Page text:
I always disliked going back to Belgrade in winter: grayness of the weather usually only exacerbated the decrepit look of the facades around the city. Furthermore, the lack of summer terraces, would not only condemn us to trawling the streets to find anywhere decent to sit, but, a place, once found, would be enveloped in smoke and all conversation would have been drowned in the din. Thankfully, the smoke would not have been to big a difference from the smog and fog that would inevitably linger over the city center. Winters in Belgrade were never nice.
Sadly, this hasn’t changed much and yet another year of sluggish growth, high unemployment, general malaise and the coup in the city hall meant the city only stagnated (although the weather is unseasonably nice). Buildings, even the newly renovated ones are scrawled with graffiti, once again in vogue, especially amongst the annoyingly persistent football hooligans. Ceca, a convicted criminal and admittedly, the most popular Serbian cultural export, sang at the official New Years’ eve celebration, thereby showing us that no matter how much of a crook you are, the state will be happy to celebrate you. Over the holidays, the respect of other people’s personal space (by say, not blowing off their legs with a firecracker) has become rare, especially amongst the god-fearing crowd that gathered to celebrate Christmas and launch pyrotechnics to shame a smaller army in front of the half-empty Sveti Sava church.Finally, and most tragically Trg Republike is now crowned with a very large and shockingly obvious strip club, while two major museums are still closed and nothing is done to change that despite the fact that someone is getting quite a bit of money from the scaffolding on the facade of the National Museum.
Of course, there have been some improvements (Crowne plaza opened and looks nice, and soon Radisson Blu will be finished), however, as always, not enough. There is a lot of hope about the new waterfront project, however given the amount of spin it generated; it is not inconceivable that it might come to nothing.
Have we seen worse? Of course we have. Do we deserve better? Stupid question – no such thing as “deserving” in politics, or in life, for that matter. We need to do things(work? vote? Protest?) for it (as in: our individual lives – let’s park the national wellbeing, and other loftier ideas for the moment) to get better. That is done by some (shout out to cool kids in Savamala, or Przionica, or Square Nine, or Zaplet, or Beton Hala), but not enough by others: the intellectual “elite” that prefers giving quasi-intellectual statements (the crowd remained strangely silent about Ceca or the strip-club), most “investors” (e.g. the team behind Hotel Jugoslavia who left it to rot only to redevelop it as a shit hole) and, well, the good old political circles, which are more inbred and bizzare than ever. Serbia in general, and Belgrade, still lacks motors for growth on the top and no amount of posturing (or farce) will change that. What will change that is, sadly, not the change in the vox populi (that hardly ever changes on its own), but the rise of new, creative and shrewd thinkers (politicians, artists, entrepreneurs) who would have money behind them. We simply need smart people (Serbian or otherwise) who will put their money on the line in Serbia. We have enough of brains without the brawn – “experts”, of varying skills, are at best used as bayleaf in our political concoctions and at worst become disgruntled “analysts”. Brawn without brains – we have far too much of that.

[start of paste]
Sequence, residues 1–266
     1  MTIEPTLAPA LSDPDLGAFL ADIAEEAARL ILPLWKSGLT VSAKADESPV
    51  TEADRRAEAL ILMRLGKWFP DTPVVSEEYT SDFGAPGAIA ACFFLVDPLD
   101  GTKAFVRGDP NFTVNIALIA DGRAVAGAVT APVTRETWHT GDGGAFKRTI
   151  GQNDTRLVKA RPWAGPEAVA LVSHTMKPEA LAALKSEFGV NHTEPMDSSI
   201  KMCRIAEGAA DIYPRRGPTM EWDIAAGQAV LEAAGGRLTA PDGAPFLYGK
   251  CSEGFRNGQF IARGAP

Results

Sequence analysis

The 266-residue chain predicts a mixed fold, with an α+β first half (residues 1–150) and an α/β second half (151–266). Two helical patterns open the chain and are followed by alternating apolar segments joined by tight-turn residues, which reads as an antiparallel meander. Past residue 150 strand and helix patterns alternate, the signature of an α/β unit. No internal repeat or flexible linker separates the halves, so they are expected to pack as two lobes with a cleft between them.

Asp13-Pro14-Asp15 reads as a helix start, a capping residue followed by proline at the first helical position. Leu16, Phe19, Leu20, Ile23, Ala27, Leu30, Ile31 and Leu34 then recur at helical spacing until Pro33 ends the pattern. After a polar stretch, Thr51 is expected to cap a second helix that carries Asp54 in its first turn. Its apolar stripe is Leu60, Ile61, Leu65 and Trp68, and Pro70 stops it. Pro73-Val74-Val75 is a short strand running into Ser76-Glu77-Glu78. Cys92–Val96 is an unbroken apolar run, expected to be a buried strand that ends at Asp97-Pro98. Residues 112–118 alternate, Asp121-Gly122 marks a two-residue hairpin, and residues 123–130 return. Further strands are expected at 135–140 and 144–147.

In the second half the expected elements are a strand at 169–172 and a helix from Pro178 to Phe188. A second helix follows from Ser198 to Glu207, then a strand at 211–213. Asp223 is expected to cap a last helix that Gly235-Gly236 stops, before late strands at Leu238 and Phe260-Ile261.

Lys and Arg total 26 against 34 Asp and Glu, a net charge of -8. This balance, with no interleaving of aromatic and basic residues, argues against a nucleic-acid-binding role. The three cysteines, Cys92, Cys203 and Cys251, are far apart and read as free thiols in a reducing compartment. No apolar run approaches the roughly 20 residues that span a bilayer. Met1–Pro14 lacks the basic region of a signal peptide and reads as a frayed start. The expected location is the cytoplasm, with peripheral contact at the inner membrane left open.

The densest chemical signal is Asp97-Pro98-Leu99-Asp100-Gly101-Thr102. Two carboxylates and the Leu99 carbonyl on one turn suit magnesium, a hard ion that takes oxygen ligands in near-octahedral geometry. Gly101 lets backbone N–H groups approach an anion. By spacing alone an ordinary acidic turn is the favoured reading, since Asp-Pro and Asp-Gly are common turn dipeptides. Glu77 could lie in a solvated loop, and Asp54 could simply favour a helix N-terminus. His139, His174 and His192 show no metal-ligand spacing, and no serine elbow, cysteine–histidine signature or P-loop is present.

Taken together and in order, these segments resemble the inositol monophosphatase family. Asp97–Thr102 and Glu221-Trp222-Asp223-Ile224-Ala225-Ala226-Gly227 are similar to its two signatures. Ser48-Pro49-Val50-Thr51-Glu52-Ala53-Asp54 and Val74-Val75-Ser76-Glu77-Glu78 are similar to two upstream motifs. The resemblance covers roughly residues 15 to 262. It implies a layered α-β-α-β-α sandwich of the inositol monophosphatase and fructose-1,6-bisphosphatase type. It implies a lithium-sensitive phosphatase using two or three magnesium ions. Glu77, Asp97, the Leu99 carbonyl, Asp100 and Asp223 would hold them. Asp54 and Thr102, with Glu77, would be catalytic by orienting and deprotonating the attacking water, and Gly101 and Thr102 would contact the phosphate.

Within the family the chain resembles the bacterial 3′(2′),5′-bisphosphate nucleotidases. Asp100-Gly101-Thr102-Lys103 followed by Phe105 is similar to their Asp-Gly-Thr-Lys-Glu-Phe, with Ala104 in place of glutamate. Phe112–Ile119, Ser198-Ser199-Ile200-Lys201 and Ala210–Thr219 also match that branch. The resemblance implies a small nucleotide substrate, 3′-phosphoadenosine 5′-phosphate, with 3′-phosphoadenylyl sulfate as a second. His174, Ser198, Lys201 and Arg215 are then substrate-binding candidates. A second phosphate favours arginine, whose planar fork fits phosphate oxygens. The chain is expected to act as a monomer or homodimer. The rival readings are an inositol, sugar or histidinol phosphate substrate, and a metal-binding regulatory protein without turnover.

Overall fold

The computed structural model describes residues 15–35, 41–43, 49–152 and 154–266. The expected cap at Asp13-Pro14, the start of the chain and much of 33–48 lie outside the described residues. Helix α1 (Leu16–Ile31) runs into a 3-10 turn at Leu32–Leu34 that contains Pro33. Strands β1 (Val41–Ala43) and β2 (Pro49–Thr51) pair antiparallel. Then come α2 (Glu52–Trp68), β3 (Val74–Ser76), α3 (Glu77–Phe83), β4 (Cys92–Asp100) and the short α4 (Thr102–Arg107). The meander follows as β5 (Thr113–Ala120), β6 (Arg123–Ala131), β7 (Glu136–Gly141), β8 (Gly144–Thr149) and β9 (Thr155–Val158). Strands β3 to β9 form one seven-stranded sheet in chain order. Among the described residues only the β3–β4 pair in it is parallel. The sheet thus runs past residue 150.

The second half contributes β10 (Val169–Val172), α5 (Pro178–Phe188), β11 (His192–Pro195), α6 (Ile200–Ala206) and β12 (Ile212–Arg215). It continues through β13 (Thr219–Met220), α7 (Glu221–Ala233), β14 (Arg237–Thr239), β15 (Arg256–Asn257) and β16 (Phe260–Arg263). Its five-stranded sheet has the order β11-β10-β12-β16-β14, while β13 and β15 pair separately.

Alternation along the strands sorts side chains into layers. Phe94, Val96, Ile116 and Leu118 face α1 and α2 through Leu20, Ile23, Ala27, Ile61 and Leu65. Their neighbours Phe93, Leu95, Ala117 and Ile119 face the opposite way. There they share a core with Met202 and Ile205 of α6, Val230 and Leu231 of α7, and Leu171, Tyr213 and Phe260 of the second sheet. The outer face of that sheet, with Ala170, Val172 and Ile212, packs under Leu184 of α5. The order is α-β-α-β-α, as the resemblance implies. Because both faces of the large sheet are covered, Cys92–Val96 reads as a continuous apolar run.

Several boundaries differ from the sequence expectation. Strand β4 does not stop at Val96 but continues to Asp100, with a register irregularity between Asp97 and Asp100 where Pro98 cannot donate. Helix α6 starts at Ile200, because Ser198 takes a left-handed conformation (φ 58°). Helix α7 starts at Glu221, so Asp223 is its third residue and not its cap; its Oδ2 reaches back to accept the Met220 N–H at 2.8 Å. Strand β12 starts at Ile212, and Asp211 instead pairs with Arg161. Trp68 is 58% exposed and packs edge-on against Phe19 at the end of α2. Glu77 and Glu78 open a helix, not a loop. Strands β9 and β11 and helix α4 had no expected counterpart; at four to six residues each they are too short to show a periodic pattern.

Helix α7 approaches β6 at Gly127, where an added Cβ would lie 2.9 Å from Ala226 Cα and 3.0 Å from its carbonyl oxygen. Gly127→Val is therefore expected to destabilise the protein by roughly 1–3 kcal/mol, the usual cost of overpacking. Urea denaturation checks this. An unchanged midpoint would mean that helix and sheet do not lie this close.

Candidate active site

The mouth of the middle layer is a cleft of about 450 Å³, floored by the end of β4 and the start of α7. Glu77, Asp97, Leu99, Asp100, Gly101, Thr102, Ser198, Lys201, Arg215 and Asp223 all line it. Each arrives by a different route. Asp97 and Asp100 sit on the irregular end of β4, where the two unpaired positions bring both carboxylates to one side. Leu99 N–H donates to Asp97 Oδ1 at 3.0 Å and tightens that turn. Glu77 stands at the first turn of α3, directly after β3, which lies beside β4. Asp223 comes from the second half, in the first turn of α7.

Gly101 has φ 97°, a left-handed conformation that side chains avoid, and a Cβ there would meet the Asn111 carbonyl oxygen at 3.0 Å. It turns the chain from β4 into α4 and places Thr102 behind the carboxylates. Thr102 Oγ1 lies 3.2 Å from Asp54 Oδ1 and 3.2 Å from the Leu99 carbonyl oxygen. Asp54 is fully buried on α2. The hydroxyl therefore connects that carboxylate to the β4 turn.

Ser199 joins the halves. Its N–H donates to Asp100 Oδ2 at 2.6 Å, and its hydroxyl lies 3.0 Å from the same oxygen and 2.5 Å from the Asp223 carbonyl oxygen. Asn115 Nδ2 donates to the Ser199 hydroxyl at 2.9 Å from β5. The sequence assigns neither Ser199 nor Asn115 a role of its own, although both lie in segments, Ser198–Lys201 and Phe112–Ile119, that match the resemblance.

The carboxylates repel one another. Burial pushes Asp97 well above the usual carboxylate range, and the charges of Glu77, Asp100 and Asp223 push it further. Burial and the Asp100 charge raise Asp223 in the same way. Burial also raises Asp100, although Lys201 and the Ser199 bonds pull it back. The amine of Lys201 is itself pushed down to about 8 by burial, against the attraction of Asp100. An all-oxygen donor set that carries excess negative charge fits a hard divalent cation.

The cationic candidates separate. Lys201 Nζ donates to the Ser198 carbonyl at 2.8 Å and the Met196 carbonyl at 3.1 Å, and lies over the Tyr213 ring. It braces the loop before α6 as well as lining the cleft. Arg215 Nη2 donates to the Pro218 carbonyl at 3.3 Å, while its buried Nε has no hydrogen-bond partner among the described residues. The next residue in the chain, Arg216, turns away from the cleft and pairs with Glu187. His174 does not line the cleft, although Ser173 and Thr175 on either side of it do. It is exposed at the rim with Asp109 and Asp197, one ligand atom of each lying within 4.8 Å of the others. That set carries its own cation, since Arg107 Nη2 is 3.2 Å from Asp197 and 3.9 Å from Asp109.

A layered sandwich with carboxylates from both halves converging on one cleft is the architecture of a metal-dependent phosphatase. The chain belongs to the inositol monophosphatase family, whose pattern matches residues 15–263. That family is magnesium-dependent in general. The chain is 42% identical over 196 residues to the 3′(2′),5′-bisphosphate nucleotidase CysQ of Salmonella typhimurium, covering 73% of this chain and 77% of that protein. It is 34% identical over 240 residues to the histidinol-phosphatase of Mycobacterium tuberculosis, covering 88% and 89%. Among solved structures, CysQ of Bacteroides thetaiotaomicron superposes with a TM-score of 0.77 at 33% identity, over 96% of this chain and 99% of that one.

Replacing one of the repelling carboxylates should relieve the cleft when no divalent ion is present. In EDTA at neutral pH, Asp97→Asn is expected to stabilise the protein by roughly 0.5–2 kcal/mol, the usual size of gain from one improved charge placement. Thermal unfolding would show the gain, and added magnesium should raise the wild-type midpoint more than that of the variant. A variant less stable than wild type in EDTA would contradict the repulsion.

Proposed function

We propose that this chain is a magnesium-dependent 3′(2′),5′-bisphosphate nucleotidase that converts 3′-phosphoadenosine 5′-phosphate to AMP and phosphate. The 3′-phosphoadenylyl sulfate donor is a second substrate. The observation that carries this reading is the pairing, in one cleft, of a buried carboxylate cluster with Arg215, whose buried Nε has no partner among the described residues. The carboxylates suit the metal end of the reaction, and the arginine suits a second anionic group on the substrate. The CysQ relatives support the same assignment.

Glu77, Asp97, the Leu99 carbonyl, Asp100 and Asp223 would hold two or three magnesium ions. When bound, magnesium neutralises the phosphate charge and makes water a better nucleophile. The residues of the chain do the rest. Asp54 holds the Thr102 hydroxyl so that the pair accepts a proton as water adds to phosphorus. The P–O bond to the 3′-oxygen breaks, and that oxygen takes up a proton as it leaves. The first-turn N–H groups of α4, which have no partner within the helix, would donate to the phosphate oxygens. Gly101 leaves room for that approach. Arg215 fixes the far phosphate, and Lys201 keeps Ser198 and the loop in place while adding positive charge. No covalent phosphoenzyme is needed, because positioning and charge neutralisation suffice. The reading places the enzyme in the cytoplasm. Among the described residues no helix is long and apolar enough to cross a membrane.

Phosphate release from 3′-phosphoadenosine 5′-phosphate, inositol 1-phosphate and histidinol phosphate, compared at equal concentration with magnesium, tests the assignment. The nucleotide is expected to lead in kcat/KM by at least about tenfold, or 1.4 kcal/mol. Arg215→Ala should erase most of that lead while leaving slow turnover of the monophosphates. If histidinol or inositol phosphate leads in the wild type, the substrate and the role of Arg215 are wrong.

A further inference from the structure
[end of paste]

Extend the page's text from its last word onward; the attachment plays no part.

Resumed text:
In terms of practical policies, what we need is a further improvement of the investment climate and breaking up of the lobbies (e.g. the import one) to attract capital. One good sign is that even those who made fortunes in looting the state silverware (or other generic crime) in the 90’s are now pro-investment (in agro for example), probably after having realised that there is not much more to steal. The other is that it seems that Serbia’s budding mittelstand is becoming more politically involved and independent (as evidenced by the proposed economic policies). Finally, the increased global connectivity makes it easier for those who are not yet ready to take a plunge and move (back) to Serbia to engage with the possibilities here. Alas, there is quite a way to go and many lobbies and vested interests to tackle. However, without making Serbia profitable for smart business (software! skilled services! tourism!) there is a slim chance that our policies will ever be smarter.
Despite being optimistic about Belgrade and Serbia because of the numbers of young people who decided to pursue their ambitions in innovative/available ways here (from working in call-centers to developing apps) it is always a let-down to see that big headways, the ones needed to free us from this stagnations, are not made. We are still at the stage where dramatics is considered politics.